This song is super funky–from the cool bass and keys sound to the lay it down riff.  It’s also got a fun singable chorus.

The juxtaposition of the two sections is great.  This is a highlight of the disc for sure.

[READ: December 20, 2018] “Acceptance Journey”

Carol moved to Rhinehorn for a six-month job at a private college.  She had also just broken up with her “boyfriend”: “More exactly, she’d run out of their motel room after he’d become enraged at her for singing “Ain’t Talkin’ ‘Bout Love” in the shower and accused her of wanting to sodomize him.”

Carol was 57 and divorced and had debt from her ex-husband’s failed life-coach business.  The temp job was routine and mindless, just what she wanted.  She intended to make friends with no one until one day the neighbor, Duane, called over to her.  He explained that his wife, Dana, knew the woman she was replacing (maternity leave) and teat they would love to have her for dinner.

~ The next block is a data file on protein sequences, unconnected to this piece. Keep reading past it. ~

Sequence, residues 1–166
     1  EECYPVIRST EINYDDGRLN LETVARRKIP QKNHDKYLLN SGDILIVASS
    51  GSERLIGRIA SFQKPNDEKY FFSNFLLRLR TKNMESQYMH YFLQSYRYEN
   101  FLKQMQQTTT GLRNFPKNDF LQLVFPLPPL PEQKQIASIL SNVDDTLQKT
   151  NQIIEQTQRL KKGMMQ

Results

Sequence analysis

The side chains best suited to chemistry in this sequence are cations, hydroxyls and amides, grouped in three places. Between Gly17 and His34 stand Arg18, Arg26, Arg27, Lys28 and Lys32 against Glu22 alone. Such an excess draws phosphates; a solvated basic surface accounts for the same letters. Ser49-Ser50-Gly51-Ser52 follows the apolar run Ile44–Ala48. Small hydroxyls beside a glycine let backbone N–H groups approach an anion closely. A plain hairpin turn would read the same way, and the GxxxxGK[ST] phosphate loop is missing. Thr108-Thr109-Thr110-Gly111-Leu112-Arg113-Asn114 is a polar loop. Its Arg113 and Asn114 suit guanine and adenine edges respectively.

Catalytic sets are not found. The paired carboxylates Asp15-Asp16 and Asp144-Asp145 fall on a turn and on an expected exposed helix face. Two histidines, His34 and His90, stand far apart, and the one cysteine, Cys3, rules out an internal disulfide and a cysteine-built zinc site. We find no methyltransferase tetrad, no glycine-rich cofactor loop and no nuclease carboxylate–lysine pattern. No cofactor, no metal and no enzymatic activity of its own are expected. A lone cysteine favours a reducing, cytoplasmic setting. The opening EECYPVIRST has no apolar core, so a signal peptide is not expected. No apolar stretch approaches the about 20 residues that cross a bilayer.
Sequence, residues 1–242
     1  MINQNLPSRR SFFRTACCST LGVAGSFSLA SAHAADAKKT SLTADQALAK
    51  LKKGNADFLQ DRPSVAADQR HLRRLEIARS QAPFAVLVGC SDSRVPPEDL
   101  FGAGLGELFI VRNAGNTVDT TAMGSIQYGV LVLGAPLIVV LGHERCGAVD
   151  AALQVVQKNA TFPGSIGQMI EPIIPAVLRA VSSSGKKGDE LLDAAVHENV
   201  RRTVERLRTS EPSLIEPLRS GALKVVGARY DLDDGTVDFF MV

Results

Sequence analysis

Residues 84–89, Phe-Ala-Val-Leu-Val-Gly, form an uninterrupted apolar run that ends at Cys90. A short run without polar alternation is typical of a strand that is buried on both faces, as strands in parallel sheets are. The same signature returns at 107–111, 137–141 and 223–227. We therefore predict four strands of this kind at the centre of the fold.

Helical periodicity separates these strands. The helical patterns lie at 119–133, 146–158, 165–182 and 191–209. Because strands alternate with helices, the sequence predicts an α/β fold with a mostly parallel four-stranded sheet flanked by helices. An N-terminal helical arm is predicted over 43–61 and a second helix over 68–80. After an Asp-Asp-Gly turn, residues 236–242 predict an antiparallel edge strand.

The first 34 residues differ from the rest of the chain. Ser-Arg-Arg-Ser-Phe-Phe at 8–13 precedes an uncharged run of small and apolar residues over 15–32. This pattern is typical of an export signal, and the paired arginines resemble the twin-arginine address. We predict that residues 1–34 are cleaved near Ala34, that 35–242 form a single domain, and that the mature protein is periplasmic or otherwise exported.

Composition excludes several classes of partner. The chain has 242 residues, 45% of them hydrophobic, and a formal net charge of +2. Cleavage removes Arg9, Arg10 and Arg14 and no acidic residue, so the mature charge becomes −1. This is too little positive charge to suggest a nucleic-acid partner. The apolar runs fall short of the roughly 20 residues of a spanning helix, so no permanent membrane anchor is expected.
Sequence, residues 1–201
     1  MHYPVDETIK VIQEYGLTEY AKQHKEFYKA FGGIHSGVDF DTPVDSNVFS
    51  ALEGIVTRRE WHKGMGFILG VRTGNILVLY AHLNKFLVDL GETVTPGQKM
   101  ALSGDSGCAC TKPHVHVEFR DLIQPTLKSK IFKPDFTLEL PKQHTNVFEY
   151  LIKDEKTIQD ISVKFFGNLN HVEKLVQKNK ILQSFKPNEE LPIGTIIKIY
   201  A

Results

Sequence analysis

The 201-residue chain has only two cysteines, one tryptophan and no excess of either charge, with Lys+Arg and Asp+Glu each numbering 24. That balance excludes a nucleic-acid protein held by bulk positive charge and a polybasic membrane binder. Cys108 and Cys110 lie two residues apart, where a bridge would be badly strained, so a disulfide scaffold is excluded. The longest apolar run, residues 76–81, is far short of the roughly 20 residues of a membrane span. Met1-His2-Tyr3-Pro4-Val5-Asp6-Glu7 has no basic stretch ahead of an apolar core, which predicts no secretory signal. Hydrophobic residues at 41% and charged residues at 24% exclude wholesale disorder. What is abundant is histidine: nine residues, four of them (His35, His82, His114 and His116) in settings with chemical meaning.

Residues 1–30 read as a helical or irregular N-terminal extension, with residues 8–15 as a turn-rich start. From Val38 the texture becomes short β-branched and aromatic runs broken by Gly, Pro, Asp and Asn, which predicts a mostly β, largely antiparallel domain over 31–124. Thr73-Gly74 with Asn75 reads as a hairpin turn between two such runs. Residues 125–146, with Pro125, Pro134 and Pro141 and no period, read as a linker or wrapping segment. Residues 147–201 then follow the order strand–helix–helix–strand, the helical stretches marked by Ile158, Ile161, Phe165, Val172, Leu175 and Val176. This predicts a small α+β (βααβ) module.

It was a lovely family dinner.  The food was good, and the children were charming.  They prayed before eating.  And somehow it made Carol shy of seeing them again.  Where she used to walk in the neighborhood, she now felt the need to drive around.  She drove out of town on various roads looking at billboards.  One continued to catchy her eye.  It was for something called The Acceptance Journey. (more…)

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SOUNDTRACK: CAUTIOUS CLAY-Tiny Desk Concert #798 (October 24, 2018).

Cautious Clay has a wonderful name.  And that’s really all I knew about him.

He came to the Tiny Desk with friends, a lot of friends. In fact, Josh Karpeh, best known in the music world as Cautious Clay, put together a backing vocal ensemble of friends he’s known since his days as a music student at The George Washington University here in D.C. And so, with five singers – Sanna Taskinen, , Sam East, Claire Miller and Michael Ferrier – along with a drummer, keyboardist and a bassist – Cautious Clay brought a warm, thoughtful and chill vibe to the Tiny Desk.